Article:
Similar vile behaviour, as a 'counter-insurgency' tactic, to soften-up civilian support for insurgents, was invariably carried out by Kitsonian so-called counter-gangs or militias loyal to colonial regimes, at the behest of the imperial regular military forces. This savage counter-terror by pro-imperialist forces has been well documented during conflicts such as the NLF/FLOSY national liberation struggle in Aden; Kenya; the Vietnam War; Oman; and Nicaragua, to name just a few. Indeed one only has to look to the recent conflict in Iraq and the likes of Abu Ghraib prison, to recognise that this behaviour travels well with the forces of imperialism. Likewise in Somalia, where an entire regiment of Canadian airborne troops, ironically commanded by John De Chastelain (the man appointed decommissioning Czar in Ireland) was disbanded after the discovery that they had engaged in similar behaviour as the Shankill Butchers by torturing and murdering a child suspected os 'espionage.'
Loyalism and Barbarism
The Shankill Butchers gang were not unique phenomena within Loyalism, despite their later notoriety. From the early 1970s onwards, horrific sectarian murders of Catholics were a common trait of the pro-British death-squads of the UVF, UDA, and RHC. The Loyalist practice of abducting Catholic civilians and later horrifically torturing them, often in Loyalist drinking clubs and with patrons participating in the torment of the terrified victim, was common in the North of Ireland, especially in the 1970s. This became known as 'Rompering' and the scene of crime known as a 'Romper room'. Disturbingly, the name came from a local children's television program.
The fact that this type of terror was a key element of British counter-insurgency policy and directed or encouraged by elements within the British military-industrial complex, is one factor in the phenomena of Loyalist death-squads, such as the Shankill Butchers. Another factor, also born of the British colonial legacy to the divided society known as 'Northern Ireland', a state-let- formed on the basis of a sectarian headcount, was that many Loyalists believed that Catholics were certainly sub-citizens, and many indeed felt, sub-human. Few Unionist politicians dis anything to dissuade such views, if anything, it was blatantly by Paisley and his ilk. With views like that being common currency, it may then have seemed a natural progression to treat the 'disloyal' and therefore, less than human Catholic victims with the worst kind of sectarian savagery.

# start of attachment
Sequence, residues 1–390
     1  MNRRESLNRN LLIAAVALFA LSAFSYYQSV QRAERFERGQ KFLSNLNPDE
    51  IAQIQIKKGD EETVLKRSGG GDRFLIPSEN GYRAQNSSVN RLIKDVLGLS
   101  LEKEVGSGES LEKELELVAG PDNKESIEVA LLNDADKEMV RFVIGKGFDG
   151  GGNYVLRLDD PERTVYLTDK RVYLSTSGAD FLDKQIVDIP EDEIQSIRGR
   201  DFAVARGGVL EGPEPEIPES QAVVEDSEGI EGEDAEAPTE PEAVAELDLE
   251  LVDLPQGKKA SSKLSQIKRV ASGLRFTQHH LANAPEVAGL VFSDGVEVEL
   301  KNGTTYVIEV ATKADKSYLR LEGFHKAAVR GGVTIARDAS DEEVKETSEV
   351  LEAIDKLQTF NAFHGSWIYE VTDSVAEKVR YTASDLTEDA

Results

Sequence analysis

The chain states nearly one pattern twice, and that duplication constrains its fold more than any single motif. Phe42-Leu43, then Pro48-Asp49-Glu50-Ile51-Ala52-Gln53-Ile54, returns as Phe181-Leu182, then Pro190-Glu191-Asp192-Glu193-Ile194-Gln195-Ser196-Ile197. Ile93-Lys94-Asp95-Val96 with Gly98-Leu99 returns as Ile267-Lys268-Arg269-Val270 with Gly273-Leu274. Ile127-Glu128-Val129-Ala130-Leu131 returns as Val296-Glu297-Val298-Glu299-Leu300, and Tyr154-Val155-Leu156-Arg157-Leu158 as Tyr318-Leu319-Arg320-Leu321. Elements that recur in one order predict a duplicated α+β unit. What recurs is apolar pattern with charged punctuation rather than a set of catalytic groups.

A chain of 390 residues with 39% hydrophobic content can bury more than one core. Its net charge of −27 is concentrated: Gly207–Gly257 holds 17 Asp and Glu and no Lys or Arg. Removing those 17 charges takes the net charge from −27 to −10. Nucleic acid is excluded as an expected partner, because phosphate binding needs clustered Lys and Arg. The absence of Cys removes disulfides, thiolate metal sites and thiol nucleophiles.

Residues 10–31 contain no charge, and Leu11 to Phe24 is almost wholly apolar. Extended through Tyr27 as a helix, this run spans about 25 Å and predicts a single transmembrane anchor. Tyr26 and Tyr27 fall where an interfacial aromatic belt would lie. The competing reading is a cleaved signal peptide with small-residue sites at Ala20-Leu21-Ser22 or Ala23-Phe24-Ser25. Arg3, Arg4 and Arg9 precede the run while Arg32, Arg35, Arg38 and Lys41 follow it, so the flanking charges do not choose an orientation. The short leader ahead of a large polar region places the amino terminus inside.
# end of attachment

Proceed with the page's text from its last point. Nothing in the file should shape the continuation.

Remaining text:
Again, this view that natives, rebels or non-WASP peoples were less than human, was a widely held belief within imperialist military circles and their confederates. For instance, one only has to read the writings of comrades of the notorious Colonel Callan, (the ex-Parachute Regiment soldier who served in Ireland in the 1970s and went on to lead a mercenary force in Angola) to realise that the MPLA guerrillas and indeed the Angolan civilians, who they murdered in their hundreds, were roundly viewed as being mere sub-humans. Within the Ulster Loyalist paramilitaries themselves, displaying the most pathological hatred of Catholics was often the means by which members advanced through the ranks and proved fealty.
It is well known that there was never a comparable phenomenon as the Shankill Butchers, within Republicanism during the recent Irish conflict, although it should be stressed that Unionists did not hold the monopoly on sectarianism. However, the sectarianism of pro-British Loyalism was borne of an Ethno-supremacist worldview and by definition, victims were therefore viewed as lesser citizens or indeed species. The Shankill Butchers and similar Loyalist death-squad gangs were, therefore, symptomatic of imperialism or more accurately, they were molded by imperialism's encouragement of a supremacist-based, divide and rule strategy well tried and tested globally. Lenny Murphy, the psychopathic leader of the Shankill Butchers, was following in the footsteps of previous notorious rabidly anti-Catholic killers, such as 'Buck Alec' Robinson, whose predilection towards sectarian serial murder of disloyal citizens was encouraged and indeed rewarded by the colonial, pro-British establishment. The Shankill Butchers can not be viewed in isolation, as some hitherto unknown phenomena, they just happened to be the most widely publicized and perhaps most prolific of the Loyalist death-squads, who almost universally operated with near impunity during the recent conflict in Ireland.
© 2019 Liam A Ryan